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Lazy Kates are spinning essentials. They are devices that hold your filled bobbins so that the individual thicknesses of yarn can be twisted together to form a multiple ply yarn.
When you begin to spin, you don’t often have a “sky’s the limit” budget to work with. Often times we are hesitant to buy spinning accessories because we are unsure about their use, or their necessity. Like many other spinners I have met, I started spinning on a shoestring, okay maybe a shipping twine, budget. I bought a broken wheel, had to figure out how to fix it. Then, before I bought anything else, I started drooling over all of the spinning fibers out there, and wanted to put what remaining budget I had into getting as much fiber as I could. I had not a clue as to what I was going to make out of the fiber, but that was beside the point.
So, as a new spinner who had never met another spinner, I did not realize how necessary a Lazy Kate is to a spinner. That changed very quickly once I figured out how to spin, and began filling bobbins with something almost uniform enough to call yarn. From my knitting experience, I knew that there was not much single ply knitting yarn on the market. I also knew that single ply yarn would not wear very well. So once again, I hit the books to figure out how to store my unfinished yarn, and keep it organized so I could ply it when I was ready to. My first system was to wind the singles into balls that I could fit into canning jars, but anyone who has ever tried to tame a freshly spun single can attest to the fact that it certainly has a mind of its own, and often refuses to cooperate.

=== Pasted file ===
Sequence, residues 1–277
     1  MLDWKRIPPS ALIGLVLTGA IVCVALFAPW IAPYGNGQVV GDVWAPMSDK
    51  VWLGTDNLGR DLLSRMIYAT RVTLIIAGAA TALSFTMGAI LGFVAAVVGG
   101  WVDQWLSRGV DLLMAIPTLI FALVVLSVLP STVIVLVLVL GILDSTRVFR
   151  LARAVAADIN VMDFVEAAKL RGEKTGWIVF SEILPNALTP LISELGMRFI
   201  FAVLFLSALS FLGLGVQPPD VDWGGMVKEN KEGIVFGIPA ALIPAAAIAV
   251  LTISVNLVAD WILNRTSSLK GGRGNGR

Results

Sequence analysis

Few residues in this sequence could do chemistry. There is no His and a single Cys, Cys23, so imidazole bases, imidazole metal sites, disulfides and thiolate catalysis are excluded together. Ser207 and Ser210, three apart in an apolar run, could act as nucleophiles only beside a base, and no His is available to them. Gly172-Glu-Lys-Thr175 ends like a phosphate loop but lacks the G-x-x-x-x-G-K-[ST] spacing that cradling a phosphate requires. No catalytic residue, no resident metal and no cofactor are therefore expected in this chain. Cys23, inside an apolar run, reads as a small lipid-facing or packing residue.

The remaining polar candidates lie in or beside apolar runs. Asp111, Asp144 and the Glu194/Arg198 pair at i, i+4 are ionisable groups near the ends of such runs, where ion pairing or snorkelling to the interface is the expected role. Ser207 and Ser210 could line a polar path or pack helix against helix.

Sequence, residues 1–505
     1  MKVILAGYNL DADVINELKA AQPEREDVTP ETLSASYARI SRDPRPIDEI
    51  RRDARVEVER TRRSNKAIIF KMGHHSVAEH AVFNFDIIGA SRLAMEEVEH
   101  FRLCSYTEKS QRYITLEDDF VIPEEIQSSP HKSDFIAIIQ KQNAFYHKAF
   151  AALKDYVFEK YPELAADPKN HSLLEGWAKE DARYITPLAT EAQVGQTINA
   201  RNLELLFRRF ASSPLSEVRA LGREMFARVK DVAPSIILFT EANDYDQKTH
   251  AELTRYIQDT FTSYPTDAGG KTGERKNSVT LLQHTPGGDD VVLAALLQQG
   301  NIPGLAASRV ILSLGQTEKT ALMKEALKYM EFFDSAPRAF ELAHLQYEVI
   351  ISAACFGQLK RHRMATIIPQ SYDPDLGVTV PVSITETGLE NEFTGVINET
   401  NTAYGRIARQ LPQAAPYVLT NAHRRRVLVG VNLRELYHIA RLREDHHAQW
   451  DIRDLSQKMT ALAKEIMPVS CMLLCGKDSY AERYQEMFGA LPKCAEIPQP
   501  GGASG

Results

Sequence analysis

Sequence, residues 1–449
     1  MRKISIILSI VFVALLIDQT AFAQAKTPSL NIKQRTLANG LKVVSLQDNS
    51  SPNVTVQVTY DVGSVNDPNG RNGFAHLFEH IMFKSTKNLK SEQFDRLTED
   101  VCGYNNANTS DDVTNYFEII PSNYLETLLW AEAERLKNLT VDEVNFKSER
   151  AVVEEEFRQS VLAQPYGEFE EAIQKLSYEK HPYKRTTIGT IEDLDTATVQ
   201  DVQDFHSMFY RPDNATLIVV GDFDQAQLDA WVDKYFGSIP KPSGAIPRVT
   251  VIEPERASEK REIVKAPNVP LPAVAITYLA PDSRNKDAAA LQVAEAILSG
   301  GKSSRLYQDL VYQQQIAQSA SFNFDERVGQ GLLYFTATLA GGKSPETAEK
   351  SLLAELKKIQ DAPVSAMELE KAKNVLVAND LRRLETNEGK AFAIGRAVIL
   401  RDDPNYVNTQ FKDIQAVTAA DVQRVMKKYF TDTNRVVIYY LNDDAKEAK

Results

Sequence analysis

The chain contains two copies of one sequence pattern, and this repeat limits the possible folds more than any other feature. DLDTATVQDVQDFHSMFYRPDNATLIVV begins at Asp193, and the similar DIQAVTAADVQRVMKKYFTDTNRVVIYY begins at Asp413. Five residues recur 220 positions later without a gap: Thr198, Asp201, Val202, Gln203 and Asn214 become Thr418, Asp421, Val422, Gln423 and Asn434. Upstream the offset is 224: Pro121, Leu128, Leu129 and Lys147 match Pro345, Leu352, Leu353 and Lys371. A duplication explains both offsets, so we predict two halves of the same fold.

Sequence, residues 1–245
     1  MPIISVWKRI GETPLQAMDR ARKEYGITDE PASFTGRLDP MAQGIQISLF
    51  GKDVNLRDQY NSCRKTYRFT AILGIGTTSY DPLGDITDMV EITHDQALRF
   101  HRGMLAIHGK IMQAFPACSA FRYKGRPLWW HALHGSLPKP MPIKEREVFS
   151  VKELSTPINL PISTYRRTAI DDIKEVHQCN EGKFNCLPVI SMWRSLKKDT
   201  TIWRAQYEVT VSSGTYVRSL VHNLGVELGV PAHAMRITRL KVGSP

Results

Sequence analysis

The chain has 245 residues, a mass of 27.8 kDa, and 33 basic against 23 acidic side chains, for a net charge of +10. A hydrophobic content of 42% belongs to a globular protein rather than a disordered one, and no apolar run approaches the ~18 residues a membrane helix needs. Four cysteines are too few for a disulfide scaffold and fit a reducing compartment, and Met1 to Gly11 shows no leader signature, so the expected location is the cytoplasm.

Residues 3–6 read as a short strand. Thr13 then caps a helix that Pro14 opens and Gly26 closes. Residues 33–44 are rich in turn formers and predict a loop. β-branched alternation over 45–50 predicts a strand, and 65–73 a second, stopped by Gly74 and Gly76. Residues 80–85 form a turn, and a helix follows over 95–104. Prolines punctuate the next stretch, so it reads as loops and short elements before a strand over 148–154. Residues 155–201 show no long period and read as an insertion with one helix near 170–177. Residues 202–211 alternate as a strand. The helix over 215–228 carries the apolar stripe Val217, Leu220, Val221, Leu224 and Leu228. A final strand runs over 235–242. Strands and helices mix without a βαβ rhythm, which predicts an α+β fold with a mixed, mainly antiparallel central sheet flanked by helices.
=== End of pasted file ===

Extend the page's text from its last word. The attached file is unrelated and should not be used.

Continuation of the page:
So, there I was with all of this beautiful fiber I wanted to create knitting yarn from, and a few birds nests that were born in the bottoms of my canning jars. I began looking for a Lazy Kate. I found the gracefully arched styles from Schacht and Kromski, as well as the utilitarian designs from Ashford and Majacraft. These are all beautiful pieces, but I was still very much on a budget. As I was pouring over the catalogs once again trying to decide what features are necessary and which I can do without, my husband Mike came to my rescue as usual with his own original design. My kate holds three bobbins on their sides vertically, and then has pegs for two more to be stored on the base. It also has holes in the top to store my threading hook, and my oil.
I did not have a tensioning system included on my kate. There are some designs that do include tension straps or springs, which I have yet to find necessary when plying. The weight of the bobbins and the natural drag on the dowel pegs seems to be enough to prevent the yarn from winding off too quickly. If you still have difficulty with overfeeding, try repositioning the kate further from the wheel. This will allow the twist in the yarn to even itself over a longer distance, as well as prevent bird nests.
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